Re: The problem with Hillary's speech

She didn't say what you said. She congratulated Senator Obama and made the case as to why she thinks she would be the stronger nominee. It's not an insult but a coda to her campaign and the half of the Democratic Party who agreed with it.

Don't get too worked up about it, I'm sure a gracious speech which is more up to your standards will be coming up in the next few days.

by VAAlex 2008-06-04 07:02AM | 0 recs
Re: The problem with Hillary's speech

Just to be clear here, I cut and pasted her words from the transcript.

Your response is "She didn't say what you said."

Think about that for a sec.

by Reeves 2008-06-04 07:07AM | 0 recs
Re: The problem with Hillary's speech

Think about what you just said in the original comment I replied to:

"Congrats, Barack, on your campaign (not your achievement or victory, mind you)...now let me spend the next 10 minutes explaining why I really won and why I'm the best."

Did she say that? No. Show me a transcript that she said what you said in your quotes. Give me a break. I was referring to that. That's what you said.

by VAAlex 2008-06-04 07:54AM | 0 recs
Re: The problem with Hillary's speech

If you want to time her follow-up comments, I'm sure you'll come up with a number of minutes other than 10.

And of course, that is the most irrelevant part of my point.

The point is - not for 10 hours, not for 10 minutes, not for 10 seconds - do you ever, ever make a campaign speech when the campaign is over and fail to acknowledge your opponent winning.

Veeeery low class.

by Reeves 2008-06-04 09:40AM | 0 recs
Re: The problem with Hillary's speech

Still not acknowledging that you said that? Fine. Have a great day.

by VAAlex 2008-06-04 10:07AM | 0 recs
Neat diary

..tho I disagree with your take on Howard Fineman's comment. The offer/refuse VP dance is a really common one. It shows respect both ways, actually.

I personally do not see how it would work for Clinton to take a secondary role (and Obama can't go for the Cheney model of VP if he is to be respected as the leader). Hillary and Bill are both bigtime leaders. They are not followers.

So, I hope there is a great role in store in which Hillary can lead with all her talents (Senate majority leader, Supreme Court Justice, Sec of State, etc.)

by rhetoricus 2008-06-04 06:38AM | 0 recs
By the end of the summer

It's not going to matter that Hillary chose not to officially concede last night.  Obama is going to be very strong against McCain in every region of the country and by the time we come out of the convention, it's going to start to look like a joke.  

There are so many possibilities for the party to capitalize on the tensions that have built up.  There is some potent speculation, much more realistic than the VP thing that Hillary will be offered a significant role in taking on the issue of health care either in the cabinet or as the leader in the legislature.  

Every time there is a moment of cooperation between either of the Clintons and Barack Obama, it will be widely reported precisely because of the tensions that have built up over the past year.  Every time it happens it will be good for Democrats and good for the platform.  

Bill Clinton, as ex-Prez has done some good work in terms of helping Africa.  Picture him doing what he has been doing but with a friend in the White House.  And Obama really can and should be that.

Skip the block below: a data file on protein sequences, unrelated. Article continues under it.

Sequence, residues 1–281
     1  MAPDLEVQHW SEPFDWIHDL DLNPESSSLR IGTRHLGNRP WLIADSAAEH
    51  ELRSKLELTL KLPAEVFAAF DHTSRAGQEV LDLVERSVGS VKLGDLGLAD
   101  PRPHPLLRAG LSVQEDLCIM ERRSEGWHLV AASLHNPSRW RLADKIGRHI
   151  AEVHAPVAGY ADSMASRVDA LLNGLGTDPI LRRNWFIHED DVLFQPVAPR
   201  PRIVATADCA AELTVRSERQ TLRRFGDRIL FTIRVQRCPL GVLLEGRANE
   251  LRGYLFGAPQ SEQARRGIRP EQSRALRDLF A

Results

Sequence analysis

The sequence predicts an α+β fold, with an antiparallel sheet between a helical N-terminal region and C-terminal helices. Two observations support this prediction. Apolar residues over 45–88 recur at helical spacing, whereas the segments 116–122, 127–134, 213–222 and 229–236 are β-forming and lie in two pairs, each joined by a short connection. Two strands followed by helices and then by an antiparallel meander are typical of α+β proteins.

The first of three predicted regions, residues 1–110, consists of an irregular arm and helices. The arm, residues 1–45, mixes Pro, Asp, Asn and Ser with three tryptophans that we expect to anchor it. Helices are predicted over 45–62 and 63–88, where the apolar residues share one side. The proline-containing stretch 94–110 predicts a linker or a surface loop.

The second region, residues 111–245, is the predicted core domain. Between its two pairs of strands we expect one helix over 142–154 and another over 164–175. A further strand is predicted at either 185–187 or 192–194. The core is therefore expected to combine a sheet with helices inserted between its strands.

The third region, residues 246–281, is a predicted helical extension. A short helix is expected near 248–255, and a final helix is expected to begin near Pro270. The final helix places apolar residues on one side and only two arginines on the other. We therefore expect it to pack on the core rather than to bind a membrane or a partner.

There should be some awesome speeches at the convention, that's for sure.  

by Sun Dog 2008-06-04 06:39AM | 0 recs
I'm very glad I missed all of it.

I had a charmed day yesterday, fortuitously catching a bus with my friends on it, getting a good spot in line, and being there in the Xcell Energy Center with Barack as history was being made.

I missed all the media coverage and I don't miss it one bit.  I'm sure I'll get to see them clutching at pearls tonight and for the next five months.

by Dracomicron 2008-06-04 06:41AM | 0 recs
Re: What a Night

Obama's speech was awesome.

Was disappointed that Hillary had such a meaningless event last night, she couldn't have waited another day to give that speech?  Let us savor the moment of a minority nomination victory, without her me, me, me.

News Media has been terrible, and will continue to be terrible.

If you don't read the newspaper, you are uninformed; if you do read the newspaper, you are misinformed.

by Tumult 2008-06-04 06:48AM | 0 recs
Re: What a Night

If she didn't come out last night, the media angle on it would have been 'oh, why isn't she saying anything? Why is she all by herself alone and not congratulating Obama? Why is she being so selfish?'

It's always lose-lose with her.

by VAAlex 2008-06-04 06:49AM | 0 recs
Re: What a Night

Nope. Not buying it. A short and simple congratulations to him for being the nominee would be great, THEN dispense with the campaign talking points, say you're going to take a few days to get yourself together, and that's it.




by Reeves 2008-06-04 06:52AM | 0 recs
Re: What a Night

Sorry her speech didn't live up to your standards. I thought it was first and foremost a tribute to her supporters.

by VAAlex 2008-06-04 07:00AM | 0 recs
Re: What a Night

I think all anyone wanted or asked for here is an acknowledgment that the race is over, and that Barack Obama is the winner as it stands now. At the very, very minimum, we probably would've liked her to drop the BS campaign lines like "I'm the winner of the popular vote" that inspire her supporters to continue the rhetorical fight in her stead and cast doubt on the nomination process itself. She did neither of those things, and that's why there's widespread disappointment over what she said.